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On Tuesday night at least three councillors will try to quash the Mountain Bike Trails for good

December 2, 2022

By Peter Holmes

Three Orange City Councillors will move a motion at Tuesday’s meeting to kill off once and for all the controversial mountain bike trail proposal for Gaanha-bula Mount Canobolas.

The motion from deputy mayor Gerald Power and councillors David Mallard and Melanie McDonell is that: “Council resolves not to carry out any further work toward the State Significant Development proposal to develop the Mount Canobolas Mountain Bike Trails, in light of the economic priorities and challenges facing Council, in addition to the potential environmental and cultural heritage impacts associated with the proposal.”

The 100km of proposed bike trails have split elements of the community, with those in favour saying they would create tourism and jobs and assist with keeping the mountain free of blackberries, and those against saying the site is significant to Wiradjuri people and should be left alone.

Elders in town including Uncle Neil Ingram and Aunty Alice Williams have spoken out against the project.

On Monday October 31 Uncle Neil spoke with reporters outside the NAIDOC Week launch at Orange Function Centre.

“Mount Canobolas mountain bike track should be stopped,” Uncle Neil said. “We as Elders oppose it in its entirety.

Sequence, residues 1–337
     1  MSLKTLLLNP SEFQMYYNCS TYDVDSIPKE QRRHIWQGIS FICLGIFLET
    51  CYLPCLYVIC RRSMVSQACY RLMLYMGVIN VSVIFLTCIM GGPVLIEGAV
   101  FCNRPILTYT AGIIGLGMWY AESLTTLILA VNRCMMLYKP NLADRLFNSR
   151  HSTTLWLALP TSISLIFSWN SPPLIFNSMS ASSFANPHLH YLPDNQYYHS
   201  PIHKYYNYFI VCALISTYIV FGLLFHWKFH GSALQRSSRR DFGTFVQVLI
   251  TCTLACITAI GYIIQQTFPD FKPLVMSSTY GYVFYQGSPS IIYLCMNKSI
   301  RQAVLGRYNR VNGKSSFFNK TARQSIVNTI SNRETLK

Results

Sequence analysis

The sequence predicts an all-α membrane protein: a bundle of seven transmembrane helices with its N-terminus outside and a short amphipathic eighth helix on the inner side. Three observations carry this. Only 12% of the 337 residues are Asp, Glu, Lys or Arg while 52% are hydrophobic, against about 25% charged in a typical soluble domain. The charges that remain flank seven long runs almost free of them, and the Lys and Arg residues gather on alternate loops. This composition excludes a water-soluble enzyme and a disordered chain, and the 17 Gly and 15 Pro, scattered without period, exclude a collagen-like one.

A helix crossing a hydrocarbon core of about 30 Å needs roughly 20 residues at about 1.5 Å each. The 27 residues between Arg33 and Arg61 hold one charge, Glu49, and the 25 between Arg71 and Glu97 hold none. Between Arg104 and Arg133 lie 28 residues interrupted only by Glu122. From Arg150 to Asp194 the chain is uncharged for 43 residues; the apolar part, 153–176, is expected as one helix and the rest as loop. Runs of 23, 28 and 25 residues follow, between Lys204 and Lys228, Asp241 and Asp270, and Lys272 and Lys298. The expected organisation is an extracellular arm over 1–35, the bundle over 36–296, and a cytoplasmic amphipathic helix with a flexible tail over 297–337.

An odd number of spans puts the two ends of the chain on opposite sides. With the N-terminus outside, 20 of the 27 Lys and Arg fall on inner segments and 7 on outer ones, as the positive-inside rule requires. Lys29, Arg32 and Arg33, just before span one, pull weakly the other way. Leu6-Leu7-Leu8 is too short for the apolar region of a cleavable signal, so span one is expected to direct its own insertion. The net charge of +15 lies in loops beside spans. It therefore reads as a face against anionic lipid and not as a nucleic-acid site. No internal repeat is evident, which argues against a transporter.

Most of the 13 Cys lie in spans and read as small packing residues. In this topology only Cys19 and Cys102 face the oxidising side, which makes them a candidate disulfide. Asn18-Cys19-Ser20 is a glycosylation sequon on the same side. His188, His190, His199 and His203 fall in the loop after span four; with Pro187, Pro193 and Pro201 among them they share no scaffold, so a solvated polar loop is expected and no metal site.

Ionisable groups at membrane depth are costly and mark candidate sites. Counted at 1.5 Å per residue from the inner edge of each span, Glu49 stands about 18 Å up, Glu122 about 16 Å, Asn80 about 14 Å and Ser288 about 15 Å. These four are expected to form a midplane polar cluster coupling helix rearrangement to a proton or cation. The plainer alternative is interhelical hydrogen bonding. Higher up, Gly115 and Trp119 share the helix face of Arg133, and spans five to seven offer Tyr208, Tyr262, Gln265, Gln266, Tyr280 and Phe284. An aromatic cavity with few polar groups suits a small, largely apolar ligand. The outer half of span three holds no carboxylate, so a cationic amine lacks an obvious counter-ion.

“Gaanha-bula is part of our Dreaming story; it’s a sacred, spiritual place for the Wiradjuri people. The project will impact and damage Wiradjuru culture both intangible - spiritual - and tangible - the sites of artefacts.”

Uncle Neil said that the mountain was home to “sacred sites for men and women. There are initiation sites for men and burning places for women, and much evidence for this including tools, ceremonial artefacts and other symbols in the landscape”.

He said traditional flora and fauna were used for bush medicine and bush tucker, and that the mountain was home to threatened and endangered species unique to the area.

“The biodiversity is very important … We have occupied these islands for tens of thousands of years and they are of great significance to the Wiradjuri people. We need to protect this Earth and respect this special place.”

Aunty Alice Williams said she became involved in Uncle Neil’s campaign to stop the bike trails, “because my grandfather recorded the Wiradjuri line, which encompasses Gaanha-bula, so I was appreciative of Uncle Neil coming and getting me involved in the process.”